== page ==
Nonfiction

Mama tried : dispatches from the seamy underbelly of modern parenting book cover

Mama tried : dispatches from the seamy underbelly of modern parenting

Emily Flake

306.8743 /Flake
Nonfiction

New Yorker cartoonist Emily Flake relates the hilarious horrors of pregnancy, birth, and early parenting in this funny, poignant, and beautifully illustrated book. For most people, having a child doesn't go exactly as planned. Not many are willing to admit that not only did they dislike the early days of parenting, they sometimes hated it. MAMA TRIED is a relatable collection of cartoons and essays pertaining to the good, bad, and (very) ugly parenting experiences we all face. Subjects range from "are you ready for children?" to "baby gear class-warfare." With incredible honesty, Flake tackles everything from morning sickness to sleep training, shedding much needed light on the gnarly realities of breastfeeding, child proofing, mommy groups, and every unrealistic expectation in between. MAMA TRIED will be an indispensable companion for sleepless parents and a fond reminder for those already out of the woods.

Melody's picture

This book hilariously pokes fun at experiences of expectant and first-time parents, particularly those of women who established careers and were fully independent thinkers before deciding to start a family. I read this when I was 8 months pregnant, and I peeled through the first third of her book, howling with laughter every few pages or so. I can identify with dealing with “swole” feet and eating cookies to make the baby kick (and just to eat cookies). This book was much needed comic relief for my final stretch as a pregnant lady. -Melody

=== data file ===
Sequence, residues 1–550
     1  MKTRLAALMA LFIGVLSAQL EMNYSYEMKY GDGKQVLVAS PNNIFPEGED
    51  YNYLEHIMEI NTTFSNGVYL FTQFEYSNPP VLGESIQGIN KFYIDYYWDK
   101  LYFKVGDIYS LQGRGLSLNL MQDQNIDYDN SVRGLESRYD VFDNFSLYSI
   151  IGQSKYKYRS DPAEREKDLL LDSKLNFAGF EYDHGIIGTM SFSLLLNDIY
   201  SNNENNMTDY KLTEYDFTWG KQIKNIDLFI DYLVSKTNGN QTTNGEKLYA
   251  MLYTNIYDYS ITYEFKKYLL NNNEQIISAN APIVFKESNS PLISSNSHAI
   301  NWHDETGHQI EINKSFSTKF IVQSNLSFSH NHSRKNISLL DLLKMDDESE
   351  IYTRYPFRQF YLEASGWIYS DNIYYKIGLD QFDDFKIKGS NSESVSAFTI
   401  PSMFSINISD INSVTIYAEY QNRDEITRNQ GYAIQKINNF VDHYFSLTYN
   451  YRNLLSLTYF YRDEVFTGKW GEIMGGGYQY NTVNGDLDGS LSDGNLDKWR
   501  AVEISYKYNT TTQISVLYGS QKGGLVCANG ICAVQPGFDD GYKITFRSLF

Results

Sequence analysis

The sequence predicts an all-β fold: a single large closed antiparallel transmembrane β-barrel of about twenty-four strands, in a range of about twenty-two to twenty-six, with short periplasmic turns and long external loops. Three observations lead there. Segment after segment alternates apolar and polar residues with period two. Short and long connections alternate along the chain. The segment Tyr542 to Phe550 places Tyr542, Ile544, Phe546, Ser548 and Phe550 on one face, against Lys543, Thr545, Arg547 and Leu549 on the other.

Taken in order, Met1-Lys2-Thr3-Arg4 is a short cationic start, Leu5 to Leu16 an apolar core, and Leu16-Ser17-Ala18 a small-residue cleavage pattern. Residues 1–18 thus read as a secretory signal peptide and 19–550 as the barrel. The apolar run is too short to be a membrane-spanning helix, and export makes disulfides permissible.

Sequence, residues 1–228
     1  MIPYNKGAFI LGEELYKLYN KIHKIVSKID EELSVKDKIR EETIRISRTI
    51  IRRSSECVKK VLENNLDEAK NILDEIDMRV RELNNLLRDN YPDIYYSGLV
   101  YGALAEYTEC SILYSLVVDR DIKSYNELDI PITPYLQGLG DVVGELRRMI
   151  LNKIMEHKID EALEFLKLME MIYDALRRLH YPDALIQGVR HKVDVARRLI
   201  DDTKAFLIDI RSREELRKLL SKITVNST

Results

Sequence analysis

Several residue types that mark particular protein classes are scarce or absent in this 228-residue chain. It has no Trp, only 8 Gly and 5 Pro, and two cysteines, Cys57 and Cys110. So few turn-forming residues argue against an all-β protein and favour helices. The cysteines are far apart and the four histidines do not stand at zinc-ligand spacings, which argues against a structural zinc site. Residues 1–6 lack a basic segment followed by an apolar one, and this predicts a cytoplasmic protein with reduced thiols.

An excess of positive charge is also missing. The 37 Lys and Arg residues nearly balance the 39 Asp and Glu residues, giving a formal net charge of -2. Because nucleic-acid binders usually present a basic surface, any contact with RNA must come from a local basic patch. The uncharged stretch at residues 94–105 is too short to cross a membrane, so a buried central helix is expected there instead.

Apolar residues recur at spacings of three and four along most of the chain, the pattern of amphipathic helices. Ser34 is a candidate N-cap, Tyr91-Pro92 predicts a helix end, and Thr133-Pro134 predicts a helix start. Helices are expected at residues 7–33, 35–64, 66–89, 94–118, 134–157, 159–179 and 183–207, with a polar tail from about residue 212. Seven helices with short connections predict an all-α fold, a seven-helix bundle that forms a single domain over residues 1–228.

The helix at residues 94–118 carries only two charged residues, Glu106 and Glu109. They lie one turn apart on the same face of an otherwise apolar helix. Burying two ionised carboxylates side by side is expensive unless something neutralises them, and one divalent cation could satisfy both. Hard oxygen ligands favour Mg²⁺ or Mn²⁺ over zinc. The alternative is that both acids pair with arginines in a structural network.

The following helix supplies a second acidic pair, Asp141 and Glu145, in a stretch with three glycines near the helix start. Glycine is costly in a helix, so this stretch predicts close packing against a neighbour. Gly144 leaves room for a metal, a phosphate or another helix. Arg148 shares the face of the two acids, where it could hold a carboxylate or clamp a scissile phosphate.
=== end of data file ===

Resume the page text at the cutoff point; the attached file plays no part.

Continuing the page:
Leonardo da Vinci book cover

Leonardo da Vinci

Walter Isaacson

BIOGRAPHY Leonardo
Biographies, History, Nonfiction

Acclaimed biographer Isaacson (Steve Jobs; The Innovators) delves into the 15th and 16th centuries to examine the insatiable energy of Leonardo da Vinci (1452â€"1519). Primarily relying on da Vinci's notebooks (more than 7,200 pages) for his research, as they help to understand da Vinci as a person, the author argues early and often that his subject was not the most brilliant man who ever lived, simply the most curious one. For example, in his journals, da Vinci reminds himself to "describe the tongue of the woodpecker." The illegitimate son of a wealthy notary in Vinci, a town outside Florence, Italy, da Vinci had a fascination with science and art from a young age. This melding of subjects was a main component of Renaissance life. This book examines da Vinci's birth, young adulthood, sexuality, works (e.g., The Last Supper, The Mona Lisa), and contemporaries such as Michelangelo and Cesare Borgia (on whom Machiavelli's The Prince was based). Lastly, Isaacson explores the polymath's enduring impact.

Candice's picture

A thorough and illuminating look at the consummate Renaissance genius. There are many biographies about Leonardo, and books that are about the things he did, but this one goes deep and gives an amazing amount of insight into how and what he thought, and the events that shaped him -Candice